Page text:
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Monday, August 15, 2011

The only healthy communication style is Assertive Communication

A lot of people ask me what exactly is assertive and how does it really help us. This blog of mine might be of some help to you, to understand the concept of assertiveness and also its advantage in our lives.
Do you find it difficult to say ‘No’? Can you ask for what you want? Do you often feel you’re being treated like a doormat? Do people sometimes say they find your reactions aggressive? Do you feel guilty if you think you haven’t been nice enough?
If you identify with some or all of these statements, you may want to develop ways to think, communicate and behave more assertively.
Assertiveness is a way of making sure your needs is met, while still considering the needs of others.
Assertiveness is the ability to express one’s feelings and assert one’s rights while respecting the feelings and rights of others.
Assertive communication is appropriately direct, open and honest, and clarifies one’s needs to the other person.
Assertiveness comes naturally to some, but is a skill that can be learned. People who have mastered the skill of assertiveness are able to greatly reduce the level of interpersonal conflict in their lives, thereby reducing a major source of stress
Assertiveness is standing up for your right to be treated fairly. It is expressing your opinions, needs, and feelings, without ignoring or hurting the opinions, needs, and feelings of others.
Assertive behavior includes:
  • Starting, changing, or ending conversations
  • Sharing feelings, opinions, and experiences with others.
  • Making requests and asking for favors
  • Refusing others' requests if they are too demanding
  • Questioning rules or traditions that don't make sense or don't seem fair
  • Addressing problems or things that bother you
  • Being firm so that your rights are respected
  • Expressing positive emotions
  • Expressing negative emotions

Improving your assertiveness skills takes time and practice. Change isn’t easy, and sometimes it can feel risky – especially when things don’t work out as well as you hoped. Some things to think about:
  • Body language. How you stand or sit, the gestures you use, how you look at someone and your voice are important. They help convey how you see yourself in relation to the person you are talking to. If you are hunched and awkward, speak in a whisper and avoid eye contact, you are suggesting that the other person is more important than you are. If, on the other hand, you stand too close to someone and shout in their face, they are likely to feel you are being aggressive! Someone communicating assertively will stand or sit in an upright, relaxed way, establish eye contact and have an open expression. Speaking in a warm but firm voice, with an even tone, will help you make your points clearly.
  • I’ statements such as ‘I feel...’ ‘I think...’ ‘I would like...’ show that you are taking responsibility for your own feelings, rather than blaming someone else (eg ‘You make me feel...’) or taking responsibility for their feelings.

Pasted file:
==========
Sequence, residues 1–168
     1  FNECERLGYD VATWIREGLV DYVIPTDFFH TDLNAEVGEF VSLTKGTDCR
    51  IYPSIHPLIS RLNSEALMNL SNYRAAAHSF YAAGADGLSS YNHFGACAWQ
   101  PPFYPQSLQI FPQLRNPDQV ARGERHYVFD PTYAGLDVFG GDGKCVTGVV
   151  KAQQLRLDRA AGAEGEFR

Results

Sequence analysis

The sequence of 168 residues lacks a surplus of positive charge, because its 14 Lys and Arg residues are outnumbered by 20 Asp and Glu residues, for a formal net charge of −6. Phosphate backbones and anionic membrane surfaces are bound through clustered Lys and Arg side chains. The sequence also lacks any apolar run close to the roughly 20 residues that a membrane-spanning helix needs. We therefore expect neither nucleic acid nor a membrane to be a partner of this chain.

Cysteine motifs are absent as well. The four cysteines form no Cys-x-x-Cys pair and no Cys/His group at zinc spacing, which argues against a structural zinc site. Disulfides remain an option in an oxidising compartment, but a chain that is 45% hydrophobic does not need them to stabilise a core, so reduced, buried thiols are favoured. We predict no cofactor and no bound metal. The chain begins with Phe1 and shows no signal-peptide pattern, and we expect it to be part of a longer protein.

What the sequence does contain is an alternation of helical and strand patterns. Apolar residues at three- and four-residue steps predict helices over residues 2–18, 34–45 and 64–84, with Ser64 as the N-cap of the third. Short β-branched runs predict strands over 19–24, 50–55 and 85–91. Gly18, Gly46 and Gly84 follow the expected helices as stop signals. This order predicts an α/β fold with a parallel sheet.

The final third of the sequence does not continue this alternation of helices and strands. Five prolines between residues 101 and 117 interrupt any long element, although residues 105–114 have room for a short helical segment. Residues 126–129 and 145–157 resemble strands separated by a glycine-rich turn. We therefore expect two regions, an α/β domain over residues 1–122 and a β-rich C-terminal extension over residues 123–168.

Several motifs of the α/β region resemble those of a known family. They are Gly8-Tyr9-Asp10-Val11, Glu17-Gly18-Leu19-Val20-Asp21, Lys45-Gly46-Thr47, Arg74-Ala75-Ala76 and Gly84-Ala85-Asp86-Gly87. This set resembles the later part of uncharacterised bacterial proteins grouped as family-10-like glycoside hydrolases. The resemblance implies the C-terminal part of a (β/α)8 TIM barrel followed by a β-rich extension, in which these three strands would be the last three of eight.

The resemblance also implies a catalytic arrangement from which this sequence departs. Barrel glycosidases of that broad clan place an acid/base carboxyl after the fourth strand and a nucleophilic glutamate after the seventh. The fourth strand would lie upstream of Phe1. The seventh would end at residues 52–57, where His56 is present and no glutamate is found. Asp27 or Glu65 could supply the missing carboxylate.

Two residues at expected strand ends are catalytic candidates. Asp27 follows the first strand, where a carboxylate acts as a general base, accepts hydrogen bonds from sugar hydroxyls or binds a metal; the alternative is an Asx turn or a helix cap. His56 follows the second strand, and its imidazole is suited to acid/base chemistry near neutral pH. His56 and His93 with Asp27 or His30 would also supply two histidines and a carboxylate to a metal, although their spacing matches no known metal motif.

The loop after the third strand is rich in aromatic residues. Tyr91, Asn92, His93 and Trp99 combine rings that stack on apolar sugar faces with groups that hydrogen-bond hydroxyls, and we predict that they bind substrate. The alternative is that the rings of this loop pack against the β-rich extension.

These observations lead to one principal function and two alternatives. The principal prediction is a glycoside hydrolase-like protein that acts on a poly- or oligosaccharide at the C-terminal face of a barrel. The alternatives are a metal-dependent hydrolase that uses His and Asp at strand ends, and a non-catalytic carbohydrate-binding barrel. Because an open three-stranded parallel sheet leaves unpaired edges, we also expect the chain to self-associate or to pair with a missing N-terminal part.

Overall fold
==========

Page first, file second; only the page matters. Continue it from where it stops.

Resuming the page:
• Timing. It’s important to try when you feel ready. It may not be a good idea to try when you are more stressed than usual; on the other hand, it’s important not to put off making changes.
  • Practice. Learning to be more assertive takes practice. You can try out assertive responses in front of a mirror, or get a friend to give you feedback and suggestions. It’s also important to think about how the other person may react, and how you might cope with this.

If you have decided that you would like to communicate assertively, it can help to adopt a ‘step by step’ approach like the one below.
  1. Start by understanding your usual mode of communication. Are you passive, aggressive or a mixture? What influences the way you behave: fear of not being liked? feeling you have to be perfect? anxiety about being criticised? Think about a situation. How could you deal with it differently? What would you like to happen?
  2. Identify an opportunity to behave differently. It’s best to start with something fairly unimportant, rather than something you care deeply about. (Remember, you can’t change other people.)
  3. Ask yourself what you want to achieve. Is it realistic? Will it help solve a problem?
  4. Decide what you want to say. Think about using ‘I’ statements and try to be as specific as you can. ( eg ‘I’d like to go to the cinema’ rather than ‘Shall we go out tonight?’) When you speak to the other person, leave time for them to listen and respond.
  5. Support what you are saying by how you say it. Think about your body language and your voice. If what you are saying is serious, look serious – smiling may give the message that it’s not important.
  6. If the other person doesn’t seem to be listening, or tries to sidetrack you, stick to your point. Repeat it calmly until you feel that you are being heard.
  7. Listen to the other person’s opinion and if necessary see if you can negotiate a compromise.
  8. Reflect on the conversation afterwards. Are you satisfied with the outcome? Would you do anything differently next time?

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